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         Respondents opposed the motion, arguing the arbitration provision was unconscionable. They contended the provision was procedurally unconscionable on the following grounds: (1) it was a contract of adhesion; (2) although 15 of the 46 named respondents spoke little or no English, they were never given a Spanish language copy of the arbitration provision, and no one explained it to them in Spanish; (3) it was outside respondents' reasonable expectations that the arbitration provision would include tort claims, yet exclude unlawful detainer actions; (4) the fees unique to arbitration were outside respondents' reasonable expectations; and (5) respondents were under severe economic pressure to agree to the arbitration provision. Respondents contended the arbitration provision was substantively unconscionable on the following grounds: (1) there was a lack of mutuality, given that unlawful detainer actions, which could only be brought by Westmont, were excluded from arbitration; and (2) arbitration would be prohibitively expensive for respondents, as they could not afford to advance the arbitration fees. They further contended the unconscionable terms permeated the arbitration provision and could not be severed.

         In supporting declarations, several respondents stated that Spanish was their native language, and that they did not speak English. They asserted they were not provided with a Spanish-language copy of the agreement. Additionally, although Westmont's managers informed respondents in Spanish that they were required to sign the rental agreement, the managers never advised them of the arbitration provision or its terms.

         In their reply, appellants argued the arbitration provision was not unconscionable. With respect to procedural unconscionability, appellants contended the rental agreements containing the arbitration provisions were not contracts of adhesion, as respondents had other options for housing. Additionally, they contended there was no surprise, as each plaintiff initialed the arbitration provision. With respect to substantive unconscionability, appellants contended the exclusion for unlawful detainer and eviction actions did not show a lack of mutuality. They argued the instant arbitration provision did not impose prohibitive costs, noting the requirement of a single arbitrator and numerous judicial findings that arbitration is generally less expensive than litigation.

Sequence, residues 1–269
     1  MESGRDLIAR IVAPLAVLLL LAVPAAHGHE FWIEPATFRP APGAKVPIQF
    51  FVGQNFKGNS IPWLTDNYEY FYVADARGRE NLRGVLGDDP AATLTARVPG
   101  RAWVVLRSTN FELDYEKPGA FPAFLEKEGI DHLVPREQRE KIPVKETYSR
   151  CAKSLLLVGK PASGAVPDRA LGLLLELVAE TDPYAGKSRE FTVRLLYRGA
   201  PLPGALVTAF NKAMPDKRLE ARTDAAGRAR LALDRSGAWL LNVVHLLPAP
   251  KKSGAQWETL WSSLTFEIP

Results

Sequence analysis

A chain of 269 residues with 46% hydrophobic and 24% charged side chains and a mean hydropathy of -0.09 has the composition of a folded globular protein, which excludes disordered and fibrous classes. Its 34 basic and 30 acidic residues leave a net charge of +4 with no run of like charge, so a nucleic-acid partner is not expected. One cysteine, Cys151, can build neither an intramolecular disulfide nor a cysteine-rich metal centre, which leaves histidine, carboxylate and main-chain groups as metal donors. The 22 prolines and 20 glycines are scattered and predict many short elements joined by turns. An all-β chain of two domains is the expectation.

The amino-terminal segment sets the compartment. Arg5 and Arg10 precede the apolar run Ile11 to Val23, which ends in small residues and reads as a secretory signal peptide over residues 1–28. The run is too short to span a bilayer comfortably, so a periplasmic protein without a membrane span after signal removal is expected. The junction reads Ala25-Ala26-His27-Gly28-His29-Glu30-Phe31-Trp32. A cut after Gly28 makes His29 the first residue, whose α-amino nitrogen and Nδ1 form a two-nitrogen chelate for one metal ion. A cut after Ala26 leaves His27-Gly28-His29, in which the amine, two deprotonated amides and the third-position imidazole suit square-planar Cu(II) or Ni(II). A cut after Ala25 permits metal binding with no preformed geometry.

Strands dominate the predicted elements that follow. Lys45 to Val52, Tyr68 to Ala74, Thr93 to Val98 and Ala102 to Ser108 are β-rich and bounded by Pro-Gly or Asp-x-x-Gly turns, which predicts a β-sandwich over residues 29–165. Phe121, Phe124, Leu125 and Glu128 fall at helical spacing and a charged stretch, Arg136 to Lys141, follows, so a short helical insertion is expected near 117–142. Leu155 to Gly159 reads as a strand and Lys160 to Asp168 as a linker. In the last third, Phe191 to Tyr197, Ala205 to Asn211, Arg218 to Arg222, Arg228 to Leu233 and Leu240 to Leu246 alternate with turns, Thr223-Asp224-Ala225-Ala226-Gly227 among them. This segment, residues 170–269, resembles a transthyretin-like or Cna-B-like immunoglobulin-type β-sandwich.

The trial court requested supplemental briefing on plaintiffs' incomes at the time they signed the agreements, and the projected cost estimate for each of the individual claims. Respondents submitted evidence that none of them could afford to pay for arbitration.[2] They also submitted declarations from two plaintiffs that they were not afforded adequate time to read the rental agreement containing the arbitration provision before being told to sign the

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documents. Additionally, they submitted declarations showing they were under economic pressure to sign the agreements, as they already had paid for the mobile home or made a large down payment when presented with the agreements, and failure to sign would have forced them to look for new housing. Many stated that they could not afford other housing.[3]

         The arbitration provision did not detail the amount of arbitration fees. Nor were fee schedules for JAMS arbitrators attached. Respondents' counsel, Steven H. Haney, submitted a declaration stating he had ascertained the amount of arbitration fees by contacting the Los Angeles Office of JAMS and obtaining fee schedules for 10 neutrals. He attached the fee schedules, showing fees for a single arbitrator ranged from $500 to $800 per hour, or from $5, 000 to $10, 000 per day, depending on the neutral selected. In addition, JAMS assessed a mandatory $400 filing fee. Haney also opined that based on his experience, it would take two to three days to arbitrate the common claims. For those plaintiffs with additional claims, four to six days would be required.

         In response, appellants again disputed that respondents were under economic pressure to sign the rental agreements, arguing that their failure to sign would result in the refund of all monies, except a small escrow fee. Appellants also disputed the length of arbitration, arguing that an individual plaintiff's claims would require no more than two days. They did not challenge the JAMS fee schedules.

         On February 5, 2015, the trial court denied appellants' motion for an order compelling arbitration. The court determined that appellants had demonstrated a written arbitration agreement between the parties existed and that all of the causes of action in the FAC were subject to arbitration. However, it concluded that respondents had met their burden to show the arbitration agreement was unconscionable and therefore unenforceable. The court found the arbitration provision in the mobilehome rental agreements was procedurally and substantively unconscionable. It determined there was a considerable degree of procedural unconscionability, as (1) the arbitration provision was contained in a contract of adhesion, and most respondents signed the contract after making a significant financial commitment to purchase their mobilehomes; (2) appellants did not inform respondents that they would have to pay, in advance, half of the $5, 000 to $10, 000 fee for each day ...